And they clothed him in a purple cloak, and twisting together a crown of thorns, they put it on him.
Thirty four hundred ago the Creator of the universe revealed Himself to a man who would in turn introduce Him first to Israel, then to the world. For many years Hashem watched the affliction of His people; He was now ready to bring them out of Egypt to embrace their grand destiny. The One who created us knows us. Whether we realize it or not, He is always with us even in this exilic world. He also knows that our human frame causes to judge by appearances so as a long awaited mysterious visitor He carefully prepared His grand entrance on the scene of our History. Everything had to be right, especially the form of His appearance to us for His message is not only in His Words, but also in the form of His revelation.
In the Text, we read that the Creator appeared in what seems to us a paradox: a bush that burned, yet was not consumed. None of it was illusionary: the thorn bush really burned, yet it was not consumed. The Hebrew word for thorn is: ‘s’neh’ carrying the same etymological root as ‘Sinai’. According to Rabbi Yanni's perspective, God’s appearance in the midst of a thorn bush was emblematic of the anguish He suffered over Israel’s affliction. The Revelation of the Almighty El-Shaddai within a lowly dry thorn bush was something akin to putting on sackcloth and ashes. The thorn bush then represents a royal messianic statement: Hashem’s empathy for Israel.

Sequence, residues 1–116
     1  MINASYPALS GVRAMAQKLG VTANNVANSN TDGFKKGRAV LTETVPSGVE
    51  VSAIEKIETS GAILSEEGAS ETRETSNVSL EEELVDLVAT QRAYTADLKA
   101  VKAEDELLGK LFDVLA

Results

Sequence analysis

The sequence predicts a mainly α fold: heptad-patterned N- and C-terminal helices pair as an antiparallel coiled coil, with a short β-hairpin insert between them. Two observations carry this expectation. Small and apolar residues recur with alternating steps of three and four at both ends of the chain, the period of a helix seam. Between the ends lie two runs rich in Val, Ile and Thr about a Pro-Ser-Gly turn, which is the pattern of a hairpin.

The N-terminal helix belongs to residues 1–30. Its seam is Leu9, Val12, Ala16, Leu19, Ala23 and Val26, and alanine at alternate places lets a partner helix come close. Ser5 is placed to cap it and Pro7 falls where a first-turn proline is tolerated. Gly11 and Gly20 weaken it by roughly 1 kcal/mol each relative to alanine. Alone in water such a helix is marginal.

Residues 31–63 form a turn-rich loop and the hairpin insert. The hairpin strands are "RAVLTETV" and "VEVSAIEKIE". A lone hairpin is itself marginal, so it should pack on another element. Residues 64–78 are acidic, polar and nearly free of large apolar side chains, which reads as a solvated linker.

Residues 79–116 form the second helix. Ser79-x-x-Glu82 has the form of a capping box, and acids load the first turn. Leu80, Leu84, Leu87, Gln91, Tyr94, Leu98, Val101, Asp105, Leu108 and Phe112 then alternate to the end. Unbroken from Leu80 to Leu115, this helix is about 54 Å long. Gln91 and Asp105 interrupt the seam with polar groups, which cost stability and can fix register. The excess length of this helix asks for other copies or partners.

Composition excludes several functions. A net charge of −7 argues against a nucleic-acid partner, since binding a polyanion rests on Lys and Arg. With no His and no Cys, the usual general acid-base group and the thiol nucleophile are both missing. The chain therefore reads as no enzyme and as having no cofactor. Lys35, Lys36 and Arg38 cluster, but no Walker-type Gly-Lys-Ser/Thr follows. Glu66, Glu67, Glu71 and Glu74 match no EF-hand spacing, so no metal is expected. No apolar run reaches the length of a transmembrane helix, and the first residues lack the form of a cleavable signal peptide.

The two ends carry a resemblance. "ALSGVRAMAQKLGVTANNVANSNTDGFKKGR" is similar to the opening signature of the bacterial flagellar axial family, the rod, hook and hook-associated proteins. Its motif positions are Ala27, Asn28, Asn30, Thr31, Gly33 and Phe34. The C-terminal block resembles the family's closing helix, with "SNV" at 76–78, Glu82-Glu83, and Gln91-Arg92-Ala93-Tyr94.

Through Isaiah our great Father unveils His emotional attachment to His people; He says, In all their affliction he was afflicted, and the angel of his presence saved them; in his love and in his pity he redeemed them; he lifted them up and carried them all the days of old (Isaiah 63:9). “This is comparable to the spiritual connection twins experience with each other Rabbi Yanny says, “if one has a pain in his head the other feels it. Israel certainly had a pain in his head.” Eventually, as an illustration of Hashem's empathy for His people, Mashiach wore the thorns of Sinai upon his own forehead (Mark 15:17).
A father naturally suffers when his child is afflicted, so naturally Hashem suffers when His people are afflicted. He takes upon Himself all their suffering until the time when in His fury He awakes and desires vengeance, yes vengeance on those who afflict Him through His people (Isaiah 63:3). As we are afflicted, He is afflicted! On the other hand, parental love contains an element of hatred against our children’s evil behavior. Parents should not be afraid of afflicting their children in order to set them straight.. Thus the uncomfortable love, hate, and affliction paradox of returns.
If we succeed to solve the love, hate, and affliction paradox of the burning bush; once our finite mind feels comfortable with the idea of a God who loves us so but in His hatred of our sins can also let us suffer, we may have succeeded to rationalize ourselves into the greatest of all errors. Hashem reveals Himself to us in a paradox: the mystery of the burning bush; the Mystery of Mashiach.